“[Uplinq] has been the most difficult journey I’ve been on from a messaging and positioning point of view. When we really started to look at this it was a very raw and rough message.
“It took a period of six months where we did customer interviews, put together some marketing and positioning statements and ran them by potential customers. I met with a bunch of people in the market and got their thoughts on where is global small business banking going.
“Slowly over time, that message started to crystalise for us to the point where we are today.”
Pivoting to bring life to a fading business
Moving away from Uplinq for a moment, Ron and I discuss his experience with the other startups he has been involved with.
One such company was Carlton One where Ron tells me about helping the firm to pivot away from almost certain failure.
“At the time, that company (Carlton) was very close to going out of business, so it wasn’t about convincing [people to come along with me to pivot the business].
“I was able to [pivot the company]. What that did mean was we were running [two] businesses together under the one brand but then over time we migrated to what ended up becoming this full pivot because we saw there was an incredible market opportunity there.”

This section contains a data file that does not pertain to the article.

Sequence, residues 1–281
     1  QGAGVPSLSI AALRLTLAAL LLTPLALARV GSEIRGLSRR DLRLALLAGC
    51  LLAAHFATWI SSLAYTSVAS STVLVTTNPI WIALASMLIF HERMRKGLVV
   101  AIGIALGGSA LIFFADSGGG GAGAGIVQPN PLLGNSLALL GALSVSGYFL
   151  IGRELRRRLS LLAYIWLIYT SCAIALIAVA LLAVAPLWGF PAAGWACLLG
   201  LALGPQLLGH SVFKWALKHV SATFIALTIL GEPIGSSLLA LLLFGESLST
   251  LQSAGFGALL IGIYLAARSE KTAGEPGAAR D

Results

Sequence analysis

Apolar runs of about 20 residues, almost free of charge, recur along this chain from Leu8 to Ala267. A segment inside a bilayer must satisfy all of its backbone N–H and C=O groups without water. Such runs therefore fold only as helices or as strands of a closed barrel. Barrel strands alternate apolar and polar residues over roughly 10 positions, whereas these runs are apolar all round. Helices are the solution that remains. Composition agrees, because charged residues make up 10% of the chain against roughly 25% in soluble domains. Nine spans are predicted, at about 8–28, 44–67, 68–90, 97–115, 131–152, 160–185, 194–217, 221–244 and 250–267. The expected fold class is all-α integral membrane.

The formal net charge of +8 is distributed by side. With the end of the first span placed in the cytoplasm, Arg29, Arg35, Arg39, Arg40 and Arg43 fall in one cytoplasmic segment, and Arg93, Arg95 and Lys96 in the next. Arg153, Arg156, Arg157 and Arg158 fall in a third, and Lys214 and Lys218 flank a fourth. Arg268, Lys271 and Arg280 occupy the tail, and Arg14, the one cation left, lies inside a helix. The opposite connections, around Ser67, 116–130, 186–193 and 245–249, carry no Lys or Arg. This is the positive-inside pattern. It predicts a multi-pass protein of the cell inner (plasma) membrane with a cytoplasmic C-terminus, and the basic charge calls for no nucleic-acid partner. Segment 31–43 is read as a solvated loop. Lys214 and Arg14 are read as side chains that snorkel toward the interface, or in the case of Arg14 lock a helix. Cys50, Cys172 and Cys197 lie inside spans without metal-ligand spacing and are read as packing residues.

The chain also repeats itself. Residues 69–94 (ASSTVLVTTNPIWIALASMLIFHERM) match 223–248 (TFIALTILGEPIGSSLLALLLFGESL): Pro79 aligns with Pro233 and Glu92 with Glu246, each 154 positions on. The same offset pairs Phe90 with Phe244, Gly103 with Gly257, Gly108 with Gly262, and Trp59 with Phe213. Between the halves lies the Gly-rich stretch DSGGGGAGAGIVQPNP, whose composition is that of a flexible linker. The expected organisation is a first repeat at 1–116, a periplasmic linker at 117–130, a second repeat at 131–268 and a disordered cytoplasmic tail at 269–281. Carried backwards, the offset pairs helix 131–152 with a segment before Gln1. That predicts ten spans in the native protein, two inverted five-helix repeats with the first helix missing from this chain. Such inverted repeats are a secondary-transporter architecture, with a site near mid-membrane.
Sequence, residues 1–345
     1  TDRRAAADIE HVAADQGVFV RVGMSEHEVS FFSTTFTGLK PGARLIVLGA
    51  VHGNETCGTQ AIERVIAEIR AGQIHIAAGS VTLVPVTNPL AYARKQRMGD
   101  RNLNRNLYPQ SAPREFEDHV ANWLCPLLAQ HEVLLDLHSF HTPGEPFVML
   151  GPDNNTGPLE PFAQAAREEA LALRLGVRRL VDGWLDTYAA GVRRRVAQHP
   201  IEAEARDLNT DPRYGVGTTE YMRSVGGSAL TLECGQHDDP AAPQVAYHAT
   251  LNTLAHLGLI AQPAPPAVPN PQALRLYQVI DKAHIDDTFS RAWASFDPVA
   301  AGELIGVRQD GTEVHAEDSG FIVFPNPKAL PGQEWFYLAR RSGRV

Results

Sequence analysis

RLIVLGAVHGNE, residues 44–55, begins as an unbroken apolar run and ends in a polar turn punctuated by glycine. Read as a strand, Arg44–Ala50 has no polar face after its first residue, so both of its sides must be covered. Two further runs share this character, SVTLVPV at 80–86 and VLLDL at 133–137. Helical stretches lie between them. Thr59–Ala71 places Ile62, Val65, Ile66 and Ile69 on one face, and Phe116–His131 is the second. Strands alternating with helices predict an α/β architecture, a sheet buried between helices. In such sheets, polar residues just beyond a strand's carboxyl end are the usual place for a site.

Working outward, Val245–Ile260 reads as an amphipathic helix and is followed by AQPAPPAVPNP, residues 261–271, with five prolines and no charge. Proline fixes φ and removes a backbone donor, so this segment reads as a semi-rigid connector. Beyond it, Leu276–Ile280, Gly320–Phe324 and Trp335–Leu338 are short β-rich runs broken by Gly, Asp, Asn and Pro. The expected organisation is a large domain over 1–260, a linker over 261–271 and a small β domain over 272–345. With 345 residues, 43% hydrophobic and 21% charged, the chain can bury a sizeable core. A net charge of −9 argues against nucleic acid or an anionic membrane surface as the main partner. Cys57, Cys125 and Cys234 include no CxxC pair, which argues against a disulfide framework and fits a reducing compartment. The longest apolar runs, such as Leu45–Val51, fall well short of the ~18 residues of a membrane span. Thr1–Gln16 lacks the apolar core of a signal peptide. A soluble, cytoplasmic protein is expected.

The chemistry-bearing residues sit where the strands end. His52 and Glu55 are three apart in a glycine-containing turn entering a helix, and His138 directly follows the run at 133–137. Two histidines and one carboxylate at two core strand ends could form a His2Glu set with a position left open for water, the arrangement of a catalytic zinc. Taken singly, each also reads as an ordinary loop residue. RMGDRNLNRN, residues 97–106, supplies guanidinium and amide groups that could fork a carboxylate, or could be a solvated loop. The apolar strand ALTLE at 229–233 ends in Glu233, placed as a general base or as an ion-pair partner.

Ron is a proud business development executive at heart, so I take the opportunity to pick his brains on the topic of generating and managing leads.
“There are so many playbooks that have been written about lead generation and building sales processes, what makes a good lead versus not. Ultimately I think it starts by having the right messaging.
“It’s so important that the messaging, branding and positioning of your business is crystal clear to a potential buyer or anybody because there is so much noise out there.
“So if you’ve got that and you’ve been able to quantify that you have that then the ability to qualify a lead will be that much easier and the ability to move that lead throughout the sales cycle will be all that much easier.”
Ron continues by explaining that when it comes to sales, “ultimately it’s a numbers game…the more [people] you talk to, the more business you get at the end of the day.
“What I’ve seen when you’re messaging isn’t right that’s when you struggle with either getting leads or you get leads, but they’re crap.
“To me, messaging and positioning is where the sales process starts and that’s why I put so much effort and time into it.”
It looks set to be an exciting 2022 for Ron and Uplinq.